Thursday, September 28, 2017
In this (uncharacteristically) pretty low piece about Prof. Amy Barrett's personal religious activities, Laurie Goodstein of the NYT relies on the partisan distortions of Prof. Barrett's academic work that are still being pushed by an activist group called "Alliance for Justice." MOJ readers will recall that, at Barrett's hearing, some of the senators were fixated on a article she co-authored 20 years ago, as a student, regarding the obligations of Catholic judges in capital cases. Here's what Goodstein writes:
Ms. Barrett was questioned in particular about a 1998 scholarly article in which she and her co-author argued that sometimes Catholic trial judges should recuse themselves from the sentencing phase of death penalty cases. At the hearing, Ms. Barrett backed away from that position, saying she could not think of any class of cases in which she would recuse herself because of her faith.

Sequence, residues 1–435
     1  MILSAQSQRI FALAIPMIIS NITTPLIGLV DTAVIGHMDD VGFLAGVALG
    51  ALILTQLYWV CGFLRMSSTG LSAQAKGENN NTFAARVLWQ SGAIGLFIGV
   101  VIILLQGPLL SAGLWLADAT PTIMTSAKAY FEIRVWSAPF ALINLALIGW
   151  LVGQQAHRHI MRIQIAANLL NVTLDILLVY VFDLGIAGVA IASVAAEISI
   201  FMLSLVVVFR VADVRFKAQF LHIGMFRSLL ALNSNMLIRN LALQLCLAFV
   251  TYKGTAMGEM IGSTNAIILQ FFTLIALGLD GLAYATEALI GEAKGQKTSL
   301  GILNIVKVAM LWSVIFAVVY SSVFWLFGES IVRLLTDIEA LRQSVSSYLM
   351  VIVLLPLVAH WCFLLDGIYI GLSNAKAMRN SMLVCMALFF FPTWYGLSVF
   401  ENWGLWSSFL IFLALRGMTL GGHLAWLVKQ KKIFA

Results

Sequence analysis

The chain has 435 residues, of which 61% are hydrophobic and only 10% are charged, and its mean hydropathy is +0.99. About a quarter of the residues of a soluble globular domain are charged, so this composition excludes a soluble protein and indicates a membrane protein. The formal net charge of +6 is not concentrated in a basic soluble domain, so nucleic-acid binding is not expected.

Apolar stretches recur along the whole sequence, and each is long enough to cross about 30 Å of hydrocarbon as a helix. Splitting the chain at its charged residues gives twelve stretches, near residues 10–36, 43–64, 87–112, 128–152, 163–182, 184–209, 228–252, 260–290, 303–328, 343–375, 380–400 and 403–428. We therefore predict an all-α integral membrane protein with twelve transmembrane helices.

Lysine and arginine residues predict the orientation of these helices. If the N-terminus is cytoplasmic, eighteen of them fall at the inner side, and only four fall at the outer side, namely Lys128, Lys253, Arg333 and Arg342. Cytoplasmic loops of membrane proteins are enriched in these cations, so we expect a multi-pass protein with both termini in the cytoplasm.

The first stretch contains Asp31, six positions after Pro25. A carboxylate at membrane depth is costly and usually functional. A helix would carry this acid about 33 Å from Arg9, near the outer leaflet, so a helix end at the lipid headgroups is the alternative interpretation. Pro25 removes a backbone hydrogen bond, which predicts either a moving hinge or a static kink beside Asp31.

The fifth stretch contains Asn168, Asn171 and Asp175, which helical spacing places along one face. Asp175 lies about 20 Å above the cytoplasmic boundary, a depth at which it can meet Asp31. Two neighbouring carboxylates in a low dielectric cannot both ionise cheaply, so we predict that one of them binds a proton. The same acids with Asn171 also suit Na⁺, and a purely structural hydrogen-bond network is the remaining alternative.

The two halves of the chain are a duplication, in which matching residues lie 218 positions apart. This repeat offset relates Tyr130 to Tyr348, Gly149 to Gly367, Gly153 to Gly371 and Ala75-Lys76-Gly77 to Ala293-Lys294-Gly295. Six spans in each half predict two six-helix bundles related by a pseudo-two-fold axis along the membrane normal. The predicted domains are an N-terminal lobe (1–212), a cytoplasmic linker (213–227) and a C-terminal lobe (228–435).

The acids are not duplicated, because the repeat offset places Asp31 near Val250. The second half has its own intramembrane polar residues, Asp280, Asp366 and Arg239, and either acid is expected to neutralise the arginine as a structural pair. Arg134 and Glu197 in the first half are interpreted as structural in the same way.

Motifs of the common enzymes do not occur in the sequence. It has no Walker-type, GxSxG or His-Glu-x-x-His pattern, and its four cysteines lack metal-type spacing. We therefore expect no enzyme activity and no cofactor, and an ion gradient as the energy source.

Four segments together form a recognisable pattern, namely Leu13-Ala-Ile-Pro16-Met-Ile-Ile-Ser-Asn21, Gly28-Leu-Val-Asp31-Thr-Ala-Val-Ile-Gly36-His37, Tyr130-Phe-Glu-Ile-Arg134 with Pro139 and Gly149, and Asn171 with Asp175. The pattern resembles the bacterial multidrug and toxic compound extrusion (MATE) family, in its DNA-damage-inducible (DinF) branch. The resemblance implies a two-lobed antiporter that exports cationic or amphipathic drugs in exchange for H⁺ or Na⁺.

It's not "back[ing] off", at all, to say (a) sometimes Catholic trial judges should recuse themselves frmo the sentencing phase of death penalty cases and (b) that the role of an appellate judge is not likely to present any situations that might similarly require recusal. Indeed, the article itself discussed the distinction between the two roles. Unfortunately, the Times piece simply serves as a vehicle for pushing the activist group's distortion.